"Tell me whom you love, and I’ll tell you who you are." – Creole Proverb
The man whose throat blossoms with spicy chocolates
Tempers my ways of flurrying
Is my inner recesses surfacing
Paints the bedroom blue because he wants to carry me to the skies
Pear eater in the orchard
Possesses Whitmanesque urge & urgency
Boo Bear, the room turns orchestral
Crooked grin of ice cream persuasion
When I speak he bursts into seeds & religion
Poetry housed in a harmonica
Line dances with his awkward flair
Rare steaks, onion rings, Maker’s on the rocks
Once-a-boy pilfering grenadine
Nebraska, Nebraska, Nebraska
Wicked at the door of happiness
At a longed-for distance remains sharply crystalline
Fragments, but by day’s end assembled into joint narrative
Does not make me who I am, entirely
Heart like a fig, sliced
Peonies in a clear round vase, singing
A wisp, a gasp, sonorous stutter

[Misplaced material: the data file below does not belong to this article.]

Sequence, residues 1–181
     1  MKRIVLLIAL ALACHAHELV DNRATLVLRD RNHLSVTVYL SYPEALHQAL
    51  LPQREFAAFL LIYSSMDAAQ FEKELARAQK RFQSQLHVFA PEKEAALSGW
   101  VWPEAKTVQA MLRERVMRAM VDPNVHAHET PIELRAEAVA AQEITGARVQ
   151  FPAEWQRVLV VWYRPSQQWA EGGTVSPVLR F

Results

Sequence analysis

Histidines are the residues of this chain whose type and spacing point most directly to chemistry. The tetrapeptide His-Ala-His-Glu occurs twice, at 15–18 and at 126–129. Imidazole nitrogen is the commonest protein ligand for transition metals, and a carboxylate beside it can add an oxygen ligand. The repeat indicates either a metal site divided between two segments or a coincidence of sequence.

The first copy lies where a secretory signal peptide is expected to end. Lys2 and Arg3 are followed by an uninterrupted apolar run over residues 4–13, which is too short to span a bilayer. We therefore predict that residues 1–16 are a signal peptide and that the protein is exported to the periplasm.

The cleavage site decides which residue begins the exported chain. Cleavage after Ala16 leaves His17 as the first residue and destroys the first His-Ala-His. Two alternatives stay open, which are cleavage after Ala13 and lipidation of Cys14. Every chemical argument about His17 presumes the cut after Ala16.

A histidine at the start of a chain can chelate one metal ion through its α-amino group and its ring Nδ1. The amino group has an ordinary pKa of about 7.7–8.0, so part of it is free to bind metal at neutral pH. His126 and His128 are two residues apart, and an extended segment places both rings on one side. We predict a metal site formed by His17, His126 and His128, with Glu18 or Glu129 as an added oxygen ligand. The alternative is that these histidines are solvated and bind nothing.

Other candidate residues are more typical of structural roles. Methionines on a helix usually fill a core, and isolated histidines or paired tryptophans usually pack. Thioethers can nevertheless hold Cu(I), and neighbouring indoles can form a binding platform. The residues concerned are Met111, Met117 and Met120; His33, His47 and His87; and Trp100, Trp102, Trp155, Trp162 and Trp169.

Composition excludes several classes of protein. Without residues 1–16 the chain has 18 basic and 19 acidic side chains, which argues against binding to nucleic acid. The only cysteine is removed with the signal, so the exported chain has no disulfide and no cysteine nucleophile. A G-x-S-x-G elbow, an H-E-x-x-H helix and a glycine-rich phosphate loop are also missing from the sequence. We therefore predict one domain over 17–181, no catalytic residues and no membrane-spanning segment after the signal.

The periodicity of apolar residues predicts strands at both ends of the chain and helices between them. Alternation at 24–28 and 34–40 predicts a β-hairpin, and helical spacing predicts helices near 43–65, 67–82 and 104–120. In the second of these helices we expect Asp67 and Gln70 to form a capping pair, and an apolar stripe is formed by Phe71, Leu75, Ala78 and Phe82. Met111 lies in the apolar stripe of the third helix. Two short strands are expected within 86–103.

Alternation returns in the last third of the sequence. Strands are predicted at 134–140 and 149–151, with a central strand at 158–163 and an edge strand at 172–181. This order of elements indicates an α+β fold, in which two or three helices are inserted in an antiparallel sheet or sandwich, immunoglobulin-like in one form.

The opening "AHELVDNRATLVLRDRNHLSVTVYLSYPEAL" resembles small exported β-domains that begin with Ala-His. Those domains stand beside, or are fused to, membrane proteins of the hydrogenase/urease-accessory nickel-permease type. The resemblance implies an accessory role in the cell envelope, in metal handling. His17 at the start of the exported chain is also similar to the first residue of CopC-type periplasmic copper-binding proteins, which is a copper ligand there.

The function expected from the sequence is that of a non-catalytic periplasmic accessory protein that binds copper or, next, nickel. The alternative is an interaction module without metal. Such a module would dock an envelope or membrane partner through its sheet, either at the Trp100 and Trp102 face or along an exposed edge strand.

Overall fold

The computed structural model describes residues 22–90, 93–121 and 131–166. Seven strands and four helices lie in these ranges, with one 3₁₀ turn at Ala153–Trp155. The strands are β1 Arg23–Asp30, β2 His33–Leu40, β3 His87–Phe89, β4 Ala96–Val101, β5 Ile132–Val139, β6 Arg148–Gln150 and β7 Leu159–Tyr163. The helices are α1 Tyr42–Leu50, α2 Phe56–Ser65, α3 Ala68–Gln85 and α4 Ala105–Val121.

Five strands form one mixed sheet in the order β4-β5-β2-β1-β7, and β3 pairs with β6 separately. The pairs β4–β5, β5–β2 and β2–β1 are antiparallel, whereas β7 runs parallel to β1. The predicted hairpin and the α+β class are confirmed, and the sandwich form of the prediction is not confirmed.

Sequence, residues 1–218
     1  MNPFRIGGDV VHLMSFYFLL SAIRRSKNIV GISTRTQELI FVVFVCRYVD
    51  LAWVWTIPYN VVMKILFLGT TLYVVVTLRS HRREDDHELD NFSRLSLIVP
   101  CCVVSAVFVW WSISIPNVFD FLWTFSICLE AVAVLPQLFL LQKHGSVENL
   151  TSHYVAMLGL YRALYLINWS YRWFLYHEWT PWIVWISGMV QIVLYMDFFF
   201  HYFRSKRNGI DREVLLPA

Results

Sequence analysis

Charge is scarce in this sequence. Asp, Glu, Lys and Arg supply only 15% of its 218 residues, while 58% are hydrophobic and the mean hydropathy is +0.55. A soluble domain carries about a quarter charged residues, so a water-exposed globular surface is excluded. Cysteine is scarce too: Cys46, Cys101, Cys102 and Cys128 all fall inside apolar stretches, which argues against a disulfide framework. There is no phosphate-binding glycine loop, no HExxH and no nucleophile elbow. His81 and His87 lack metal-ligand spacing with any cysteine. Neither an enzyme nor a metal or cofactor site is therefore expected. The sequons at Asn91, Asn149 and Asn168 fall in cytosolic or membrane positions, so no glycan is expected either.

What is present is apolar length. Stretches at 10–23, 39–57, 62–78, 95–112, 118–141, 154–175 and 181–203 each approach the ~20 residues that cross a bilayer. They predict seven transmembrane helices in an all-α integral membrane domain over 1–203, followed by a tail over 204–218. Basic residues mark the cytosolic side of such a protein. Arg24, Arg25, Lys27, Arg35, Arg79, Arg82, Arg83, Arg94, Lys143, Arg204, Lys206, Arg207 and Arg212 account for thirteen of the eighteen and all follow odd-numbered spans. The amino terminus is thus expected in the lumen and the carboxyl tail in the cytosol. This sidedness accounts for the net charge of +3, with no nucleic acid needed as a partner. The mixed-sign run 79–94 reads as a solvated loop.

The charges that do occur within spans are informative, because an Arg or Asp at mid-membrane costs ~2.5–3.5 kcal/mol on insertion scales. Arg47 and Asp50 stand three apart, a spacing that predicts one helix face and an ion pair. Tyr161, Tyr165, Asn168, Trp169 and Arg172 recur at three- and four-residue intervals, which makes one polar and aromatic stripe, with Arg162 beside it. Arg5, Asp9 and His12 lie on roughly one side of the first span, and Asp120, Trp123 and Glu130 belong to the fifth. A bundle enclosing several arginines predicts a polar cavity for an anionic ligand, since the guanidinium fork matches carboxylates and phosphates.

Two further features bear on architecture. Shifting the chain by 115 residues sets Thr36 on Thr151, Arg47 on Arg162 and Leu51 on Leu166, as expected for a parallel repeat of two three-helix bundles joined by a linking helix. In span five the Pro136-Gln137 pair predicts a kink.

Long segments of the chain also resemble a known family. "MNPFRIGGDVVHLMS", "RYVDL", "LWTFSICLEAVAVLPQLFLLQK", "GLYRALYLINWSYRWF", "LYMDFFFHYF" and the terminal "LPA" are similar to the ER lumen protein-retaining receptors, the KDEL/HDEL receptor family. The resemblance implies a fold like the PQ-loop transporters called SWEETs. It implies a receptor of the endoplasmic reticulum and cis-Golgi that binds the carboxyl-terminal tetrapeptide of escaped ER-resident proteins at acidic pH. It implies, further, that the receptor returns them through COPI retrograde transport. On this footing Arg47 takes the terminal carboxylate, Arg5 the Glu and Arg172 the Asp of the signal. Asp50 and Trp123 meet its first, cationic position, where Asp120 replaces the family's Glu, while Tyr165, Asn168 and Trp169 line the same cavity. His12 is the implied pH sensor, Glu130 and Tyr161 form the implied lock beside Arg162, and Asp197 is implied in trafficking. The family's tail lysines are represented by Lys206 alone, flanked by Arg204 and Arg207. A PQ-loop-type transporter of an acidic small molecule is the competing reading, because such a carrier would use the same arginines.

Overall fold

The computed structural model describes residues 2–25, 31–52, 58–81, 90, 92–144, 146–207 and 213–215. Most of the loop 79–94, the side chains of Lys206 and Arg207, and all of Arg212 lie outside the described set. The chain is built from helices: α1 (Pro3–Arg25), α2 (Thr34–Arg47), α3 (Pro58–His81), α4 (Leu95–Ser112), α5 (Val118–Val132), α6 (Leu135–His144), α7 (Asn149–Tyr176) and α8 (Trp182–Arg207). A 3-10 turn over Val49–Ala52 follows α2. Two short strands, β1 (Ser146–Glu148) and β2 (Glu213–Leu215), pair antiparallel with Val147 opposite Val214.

Tuning fork deep in my belly, which is also a bell
Evening where there is no church but fire
Sparks, particles, chrysalis into memory
Moth, pod of enormous pleasure, fluttering about on a train
He knows I don’t need saving & rescues me anyhow
Our often-misunderstood kind of love is dangerous
Darling, fill my cup; the bird has come to roost
The Red Sweater
slides down into my body, soft
lambs wool, what everybody
in school is wearing, and for me
to have it my mother worked twenty
hours at the fast-food joint.
The sweater fits like a lover,
sleeves snug, thin on the waist.
As I run my fingers through the knit,
I see my mother over the hot oil in the fryers
dipping a strainer full of stringed potatoes.
In a twenty hour period my mother waits
on hundreds of customers: she pushes
each order under ninety seconds, slaps
the refried beans she mashed during prep time,
the lull before rush hours, onto steamed tortillas,
the room's pressing heat melting her make-up.
Every clean strand of weave becomes a question.
How many burritos can one make in a continuous day?
How many pounds of onions, lettuce and tomatoes
pass through the slicer? How do her wrists
sustain the scraping, lifting and flipping
of meat patties? And twenty
hours are merely links
in the chain of days startlingly similar,
that begin in the blue morning with my mother
putting on her polyester uniform, which,
even when it's newly-washed, smells
of mashed beans and cooked ground beef.